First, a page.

On Appeal from the United States District Court for the Middle District of Pennsylvania (D.C. No. 01-cr-00248-3) District Judge: Honorable William W. Caldwell.
The opinion of the court was delivered by: Sloviter, Circuit Judge
Submitted Under Third Circuit LAR 34.1(a) April 21, 2006
Before: SLOVITER, AMBRO, Circuit Judges, and DuBOIS,*fn1 District Judge.
Appellant Daryl Lonard Parker appeals his sentence of 349 months imprisonment imposed following a jury verdict finding him guilty of conspiracy to distribute more than five kilograms of cocaine and more than fifty grams of cocaine base ("crack") in violation of 21 U.S.C. § 846, and guilty of distribution and possession with intent to distribute (1) 500 grams or more, but less than 5 kilograms of, cocaine, and (2) 50 grams or more of crack in violation of 21 U.S.C. § 841(a)(1). Appellant Daryl Parker (also referred to by his street name, "JR") will be referred to throughout this opinion as "Parker." His cousins, Travis and Michael Parker, will be referred to by their full names. Parker does not challenge his conviction but makes the following arguments on appeal: (1) that his sentence is unreasonable under 18 U.S.C. § 3553(a) because of the disparity between his sentence and that of his co-defendant, and (2) that the District Court failed to provide a sufficient statement of reasons for the sentence as required by 18 U.S.C. § 3553(c). We write to provide guidance to sentencing courts presented with sentence disparities among co-defendants.
Parker was arrested in June 2001. Two months later, the grand jury indicted him and three of his co-defendants -- Travis Parker, Michael Parker and Thaddeus Westry -- with conspiracy to distribute and possession with intent to distribute cocaine and crack in violation of 21 U.S.C. § 846 and with distribution and possession with intent to distribute cocaine and crack in violation of 21 U.S.C. § 841(a)(1). Michael Parker and Thadeus Westry pled guilty pursuant to negotiated plea agreements; Appellants Daryl Parker and Travis Parker proceeded to trial in August 2002.
During the trial, two key witnesses -- Juan Estrella and Michael Parker -- testified against Parker. Estrella, who sold cocaine out of New York City prior to his arrest in June 2000, testified that approximately every two weeks between 1998 and 1999 he would meet Parker in New York City and sell him ten to fourteen grams of cocaine. During these meetings, Estrella offered Parker a commission in the form of cocaine should Parker bring new clients to Estrella.
Parker introduced Michael Parker, his cousin, to Estrella. After purchasing cocaine from Estrella several times, Michael Parker in turn introduced his brother, Travis Parker, to Estrella. Parker taught both Michael and Travis how to prepare crack by "cooking" cocaine. After several trips to New York, Travis Parker requested that Estrella transport cocaine to York, Pennsylvania rather than selling it to Travis in New York City. Estrella made the trip to Pennsylvania ten to twelve times, selling cocaine to Travis Parker and others.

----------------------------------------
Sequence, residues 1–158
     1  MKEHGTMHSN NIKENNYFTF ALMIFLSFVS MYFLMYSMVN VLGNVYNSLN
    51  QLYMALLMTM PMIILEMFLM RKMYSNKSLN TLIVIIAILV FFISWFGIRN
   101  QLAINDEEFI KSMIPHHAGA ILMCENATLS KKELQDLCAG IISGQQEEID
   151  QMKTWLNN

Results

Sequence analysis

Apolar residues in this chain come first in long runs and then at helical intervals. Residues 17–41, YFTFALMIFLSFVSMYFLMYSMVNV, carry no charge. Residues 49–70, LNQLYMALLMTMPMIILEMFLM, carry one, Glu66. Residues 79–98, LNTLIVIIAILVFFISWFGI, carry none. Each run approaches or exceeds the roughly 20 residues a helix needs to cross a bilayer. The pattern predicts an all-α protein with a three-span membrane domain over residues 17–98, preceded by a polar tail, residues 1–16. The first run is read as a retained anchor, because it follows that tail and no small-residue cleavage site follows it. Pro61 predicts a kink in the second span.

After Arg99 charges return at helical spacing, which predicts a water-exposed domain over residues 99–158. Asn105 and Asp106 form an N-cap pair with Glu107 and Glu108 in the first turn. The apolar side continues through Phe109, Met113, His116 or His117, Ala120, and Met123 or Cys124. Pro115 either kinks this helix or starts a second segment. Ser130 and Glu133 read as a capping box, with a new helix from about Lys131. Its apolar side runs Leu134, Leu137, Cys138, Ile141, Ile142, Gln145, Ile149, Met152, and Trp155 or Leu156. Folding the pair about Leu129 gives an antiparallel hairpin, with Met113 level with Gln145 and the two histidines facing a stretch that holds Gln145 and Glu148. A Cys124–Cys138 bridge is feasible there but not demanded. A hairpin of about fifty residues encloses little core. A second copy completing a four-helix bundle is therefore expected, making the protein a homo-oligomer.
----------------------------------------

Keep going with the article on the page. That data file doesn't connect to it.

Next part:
As noted above, the jury returned a guilty verdict on August 22, 2002, against Parker and Travis Parker on both the conspiracy and distribution counts. On April 28, 2003, Parker was sentenced to concurrent 349-month terms of imprisonment.*fn2
In May 2003, Michael Parker was sentenced to a 125-month term of imprisonment and Travis Parker was sentenced to concurrent 324-month terms of imprisonment. On appeal, this court affirmed the defendants' convictions but vacated their sentences, remanding for resentencing in light of United States v. Booker, 543 U.S. 220 (2005). United States v. Parker, 142 Fed. Appx. 19, 24 (3d Cir. 2005) (unpublished opinion).
On remand, the District Court resentenced Michael Parker and Travis Parker to 86 and 180 months of imprisonment, respectively. By contrast, it resentenced Parker to 349 months imprisonment, an identical term to that originally imposed. The Government had argued in favor of imposing Parker's original sentence even though it had not opposed a sentence reduction in the case of Travis or Michael Parker.
The Government gave several reasons for urging the District Court not to reduce Parker's sentence: (1) Parker had a more significant criminal history than Michael or Travis Parker, including several violent offenses, (2) Parker's introduction of his younger cousins, Michael and Travis Parker, to drug dealers in New York "transformed this drug case from a . . . small-time drug dealing operation in York [Pennsylvania], to a big-time drug dealing operation that was importing large quantities of powder cocaine and crack . . . from New York to York," App. at 48-49, and (3) Parker taught Michael and Travis Parker how to cook cocaine into crack. The prosecutor concluded, "Defendant defines the term recidivism. There's no reason to believe that his behavior would be any different if he were released early on this offense than it has been in the past." App. at 52.
In adopting the Government's recommendation, the District Court noted that Parker has a "terrible record." App. at 52. The Court stated that in contrast to the facts underlying the resentencings of Travis and Michael Parker, Parker's circumstances presented "a very aggravated situation." App. at 53. The District Court explained its decision to reduce only the co-defendants' sentences, noting that Michael Parker "was largely responsible for the convictions" at trial and ...